To broaden Sprinkles' reach, Zlotkin and Heinz have put technical specifications in the public domain outside of Canada and the United States so manufacturers can produce it without paying royalties.

Zlotkin admits he had "no idea of what was going to happen" when he took up the challenge 14 years ago.

"I remember thinking early on, drawing a map and thinking, 'OK, if I do this and this and this, what's going to happen over the next six or seven years? Well, if it all falls into place, then UNICEF will take it on and make it part of their programming so that we can reach millions of children.' I did have that vision. It just took longer than I expected."

Source: Canadian Institutes of Health Research, "Solving Malnutrition a Single Serving at a Time: Knowledge Translation That Helps Children," CIHR Annual Report 2009 2010 Knowledge to Action: CIHR-Supported Health Research at Work for Canada and Canadians, 2010. A modified version of this story reproduced with the permission of the Minister of Public Works and Government Services Canada, 2011.

 


 

Mining ideas
Creating a culture of commercialization in Africa by Jenny Hall

 

Peggy Baker and Darryl Gwynne.

There are only two ways a country can become rich, says Peter Singer, professor in the Department of Medicine at the University of Toronto and Director of the McLaughlin-Rotman Centre for Global Health at the University Health Network and U of T.

"Either it has natural resources it can exploit in a non-corrupt manner or it commercializes the ideas of its citizens. There are only two choices: mine natural resources or mine ideas."

Singer is part of a group that has been working in partnership with African leaders to help overcome longstanding barriers to the mining of ideas. The U of T group includes Abdallah Daar, professor in the Departments of Public Health Sciences and Surgery and Senior Scientist and Director of Ethics and Commercialization at the McLaughlin-Rotman Centre, and a team of graduate students including Ken Simiyu and Sara Al-Bader (who passed away in a car accident in November 2010).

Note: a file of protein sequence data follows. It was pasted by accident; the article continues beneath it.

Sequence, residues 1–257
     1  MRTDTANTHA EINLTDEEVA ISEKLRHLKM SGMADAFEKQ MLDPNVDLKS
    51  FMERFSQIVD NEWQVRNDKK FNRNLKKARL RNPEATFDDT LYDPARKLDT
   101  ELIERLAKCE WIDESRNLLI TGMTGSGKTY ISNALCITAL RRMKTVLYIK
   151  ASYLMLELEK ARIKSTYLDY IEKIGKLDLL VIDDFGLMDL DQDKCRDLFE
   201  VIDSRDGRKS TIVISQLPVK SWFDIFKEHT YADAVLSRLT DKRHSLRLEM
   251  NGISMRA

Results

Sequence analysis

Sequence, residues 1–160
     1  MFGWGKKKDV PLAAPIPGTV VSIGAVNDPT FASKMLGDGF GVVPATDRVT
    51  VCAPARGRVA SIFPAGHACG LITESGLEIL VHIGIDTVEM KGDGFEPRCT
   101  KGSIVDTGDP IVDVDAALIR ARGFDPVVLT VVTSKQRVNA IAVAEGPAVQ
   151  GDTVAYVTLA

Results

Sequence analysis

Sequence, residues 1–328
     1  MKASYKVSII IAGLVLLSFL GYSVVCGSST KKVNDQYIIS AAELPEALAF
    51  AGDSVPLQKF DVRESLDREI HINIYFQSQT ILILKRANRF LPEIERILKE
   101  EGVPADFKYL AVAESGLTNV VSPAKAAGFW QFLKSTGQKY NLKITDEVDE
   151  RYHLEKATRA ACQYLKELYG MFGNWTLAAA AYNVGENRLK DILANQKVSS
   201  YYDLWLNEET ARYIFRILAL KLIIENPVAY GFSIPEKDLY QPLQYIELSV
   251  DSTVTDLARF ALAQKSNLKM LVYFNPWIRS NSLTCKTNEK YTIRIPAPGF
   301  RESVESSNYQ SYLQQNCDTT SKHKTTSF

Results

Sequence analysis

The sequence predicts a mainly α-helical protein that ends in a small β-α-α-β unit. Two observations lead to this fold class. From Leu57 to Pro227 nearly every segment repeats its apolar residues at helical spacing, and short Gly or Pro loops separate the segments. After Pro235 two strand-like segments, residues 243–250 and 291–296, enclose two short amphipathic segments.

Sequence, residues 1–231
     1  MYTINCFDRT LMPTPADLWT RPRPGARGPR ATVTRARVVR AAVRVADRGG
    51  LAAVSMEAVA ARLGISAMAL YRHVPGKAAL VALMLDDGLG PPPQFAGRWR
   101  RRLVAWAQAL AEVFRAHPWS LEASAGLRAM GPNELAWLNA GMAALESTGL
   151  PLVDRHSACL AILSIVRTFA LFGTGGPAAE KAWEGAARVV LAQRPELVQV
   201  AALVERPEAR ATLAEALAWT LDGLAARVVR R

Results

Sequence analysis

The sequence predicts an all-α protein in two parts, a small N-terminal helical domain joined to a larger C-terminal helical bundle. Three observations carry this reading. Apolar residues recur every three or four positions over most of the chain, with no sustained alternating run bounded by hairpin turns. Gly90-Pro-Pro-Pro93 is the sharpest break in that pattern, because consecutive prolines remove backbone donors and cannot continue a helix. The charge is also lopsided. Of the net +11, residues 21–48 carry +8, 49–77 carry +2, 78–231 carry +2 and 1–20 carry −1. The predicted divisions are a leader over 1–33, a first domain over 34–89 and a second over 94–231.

At the invitation of science and technology ministers in several African nations including Ghana, Uganda, Tanzania and Rwanda, the group worked in partnership with scientists, entrepreneurs and government officials to figure out why ideas for health products aren't making it to the people who need them.

And there are ideas — lots of ideas. The researchers say that African academia is a hotbed of ingenious local solutions to local problems. "Most of these ideas," says Simiyu, "are not high-tech Silicon Valley types of ideas. They are innovative ideas that could bring products to people in a way that is affordable, convenient and takes into account the context in which people are living."

Consider the example of medical waste. Because of mass immunization programs deployed by the Word Health Organization, rural areas are now facing the problem of what to do with syringes. Aside from being dangerous because they're sharp, they carry blood-borne pathogens. Simiyu recounts the story of a medical waste incinerator developed at a university the research team visited.

"It uses its own medical waste as fuel so it doesn't require electricity. It is small and portable and can be used in rural areas. The cost of conventional incinerators is high — this one is affordable. It could go a long way toward solving the problem of medical waste."

But the product was never manufactured. Other examples abound: promising drugs that haven't been marketed, devices and diagnostic tests that languish in labs.

The researchers found several barriers preventing the development of ideas: lack of intellectual property laws, gaps in infrastructure that prevent testing of products or drugs, lack of private capital.